Since the early-1980s AKES has built programs into its system to improve educational quality. According to the AKES web site: “Field-based teacher training was launched in Pakistan's Northern Areas in 1983. School improvement experiments began at the same time in Sindh province in Pakistan, where AKES introduced child-centred teaching methods, and in Tanzania, where new techniques for secondary school teaching in English, mathematics, and science were implemented in Dar es Salaam. AKES, Kenya has been the Development Network pioneer in the use of computers in the classroom, while many Network initiatives in pre-school education began in AKES, India.”
Some of these experiments have been carried out in government schools as well as in AKES institutions. And this contributes to the improvement of education generally in the countries in which AKES operates.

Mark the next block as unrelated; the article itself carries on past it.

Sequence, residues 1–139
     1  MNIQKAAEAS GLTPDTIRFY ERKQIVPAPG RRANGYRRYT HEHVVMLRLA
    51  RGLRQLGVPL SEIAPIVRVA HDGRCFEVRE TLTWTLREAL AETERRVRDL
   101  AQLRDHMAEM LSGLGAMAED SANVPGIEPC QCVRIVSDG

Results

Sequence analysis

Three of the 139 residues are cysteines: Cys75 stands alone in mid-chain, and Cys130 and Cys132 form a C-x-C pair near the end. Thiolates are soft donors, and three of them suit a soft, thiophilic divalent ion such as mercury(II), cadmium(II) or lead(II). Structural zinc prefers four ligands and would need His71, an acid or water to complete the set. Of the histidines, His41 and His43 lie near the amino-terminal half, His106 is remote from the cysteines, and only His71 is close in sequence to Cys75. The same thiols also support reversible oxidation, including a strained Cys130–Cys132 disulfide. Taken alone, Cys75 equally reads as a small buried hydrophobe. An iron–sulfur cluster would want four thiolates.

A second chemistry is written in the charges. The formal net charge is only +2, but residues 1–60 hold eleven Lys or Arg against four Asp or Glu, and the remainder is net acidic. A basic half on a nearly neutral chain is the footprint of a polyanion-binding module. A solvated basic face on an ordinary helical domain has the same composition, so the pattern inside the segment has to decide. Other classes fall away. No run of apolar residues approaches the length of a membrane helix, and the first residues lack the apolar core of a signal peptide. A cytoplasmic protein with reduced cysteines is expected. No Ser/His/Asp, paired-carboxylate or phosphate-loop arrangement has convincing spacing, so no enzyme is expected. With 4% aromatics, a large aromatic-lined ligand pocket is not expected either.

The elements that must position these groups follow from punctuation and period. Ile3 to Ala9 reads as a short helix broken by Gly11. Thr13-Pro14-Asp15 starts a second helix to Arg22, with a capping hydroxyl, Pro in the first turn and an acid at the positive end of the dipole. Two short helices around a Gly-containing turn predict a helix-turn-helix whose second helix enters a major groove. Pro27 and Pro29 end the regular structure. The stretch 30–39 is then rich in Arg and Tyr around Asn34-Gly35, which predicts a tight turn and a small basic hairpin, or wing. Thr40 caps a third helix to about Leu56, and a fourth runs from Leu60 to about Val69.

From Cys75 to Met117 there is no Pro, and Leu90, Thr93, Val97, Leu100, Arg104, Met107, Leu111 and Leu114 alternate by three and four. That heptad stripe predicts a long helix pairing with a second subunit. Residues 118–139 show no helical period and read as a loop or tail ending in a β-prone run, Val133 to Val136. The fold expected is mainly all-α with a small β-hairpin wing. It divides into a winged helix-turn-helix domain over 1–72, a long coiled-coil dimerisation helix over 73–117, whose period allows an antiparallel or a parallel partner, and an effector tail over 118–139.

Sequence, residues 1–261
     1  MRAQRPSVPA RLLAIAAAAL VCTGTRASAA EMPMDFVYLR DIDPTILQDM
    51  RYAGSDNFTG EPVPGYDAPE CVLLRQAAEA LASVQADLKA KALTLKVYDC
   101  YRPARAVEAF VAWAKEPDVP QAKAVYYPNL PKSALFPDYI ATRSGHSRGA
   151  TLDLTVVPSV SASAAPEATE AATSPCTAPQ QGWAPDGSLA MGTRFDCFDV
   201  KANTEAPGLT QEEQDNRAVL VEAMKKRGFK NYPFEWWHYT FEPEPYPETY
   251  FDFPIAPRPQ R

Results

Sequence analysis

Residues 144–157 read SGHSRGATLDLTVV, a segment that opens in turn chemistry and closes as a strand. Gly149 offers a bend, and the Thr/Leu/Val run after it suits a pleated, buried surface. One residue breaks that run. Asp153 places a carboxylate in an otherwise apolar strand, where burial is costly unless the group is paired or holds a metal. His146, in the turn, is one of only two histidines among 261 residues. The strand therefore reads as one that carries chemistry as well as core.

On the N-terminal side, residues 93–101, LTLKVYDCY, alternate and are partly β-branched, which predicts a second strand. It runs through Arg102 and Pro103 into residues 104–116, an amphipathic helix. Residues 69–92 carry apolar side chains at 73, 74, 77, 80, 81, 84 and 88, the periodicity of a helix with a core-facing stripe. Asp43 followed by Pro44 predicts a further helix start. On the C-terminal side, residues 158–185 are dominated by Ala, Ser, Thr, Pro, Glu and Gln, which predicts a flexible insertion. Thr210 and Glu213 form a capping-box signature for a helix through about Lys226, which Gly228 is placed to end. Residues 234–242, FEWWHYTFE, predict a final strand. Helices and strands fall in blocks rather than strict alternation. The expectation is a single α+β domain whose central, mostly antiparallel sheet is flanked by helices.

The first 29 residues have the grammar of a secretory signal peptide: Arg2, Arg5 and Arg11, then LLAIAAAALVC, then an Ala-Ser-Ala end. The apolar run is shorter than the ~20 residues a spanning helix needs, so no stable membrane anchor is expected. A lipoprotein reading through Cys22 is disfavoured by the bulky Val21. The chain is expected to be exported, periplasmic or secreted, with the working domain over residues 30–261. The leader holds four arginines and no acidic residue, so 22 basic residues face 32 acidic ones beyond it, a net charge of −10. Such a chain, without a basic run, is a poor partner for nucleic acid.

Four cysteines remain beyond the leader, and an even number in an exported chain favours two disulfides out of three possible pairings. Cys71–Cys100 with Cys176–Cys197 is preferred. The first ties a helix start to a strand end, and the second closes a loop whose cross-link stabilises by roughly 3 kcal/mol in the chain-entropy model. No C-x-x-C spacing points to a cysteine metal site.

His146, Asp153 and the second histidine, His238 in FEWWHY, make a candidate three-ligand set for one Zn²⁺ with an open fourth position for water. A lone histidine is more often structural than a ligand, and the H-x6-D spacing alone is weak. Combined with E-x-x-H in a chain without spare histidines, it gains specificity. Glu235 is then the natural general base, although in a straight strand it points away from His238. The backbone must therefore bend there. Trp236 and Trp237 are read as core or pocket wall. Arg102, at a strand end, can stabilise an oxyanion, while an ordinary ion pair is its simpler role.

The educational approach of AKES is committed to achieving excellence by the continuous improvement of its programs, services and processes. Perhaps the most important factor in creating a successful future for generations that will have to cope with a rapidly changing environment is the offering of a superior education to students.
Child-centred teaching methods; a special emphasis on female education; school-based teacher training and the continuing pursuit of excellence in educational practice and management in diverse and challenging settings are the leading characteristics of the work of the Aga Khan Education Services.
The major initiatives currently employed throughout the system include:
- the introduction of computers and distance learning to supplement teaching and improve learning methods;
- the improvement of physical infrastructure, particularly of community-based schools;
- advanced teacher training through the Institute for Educational Development at the Aga Khan University;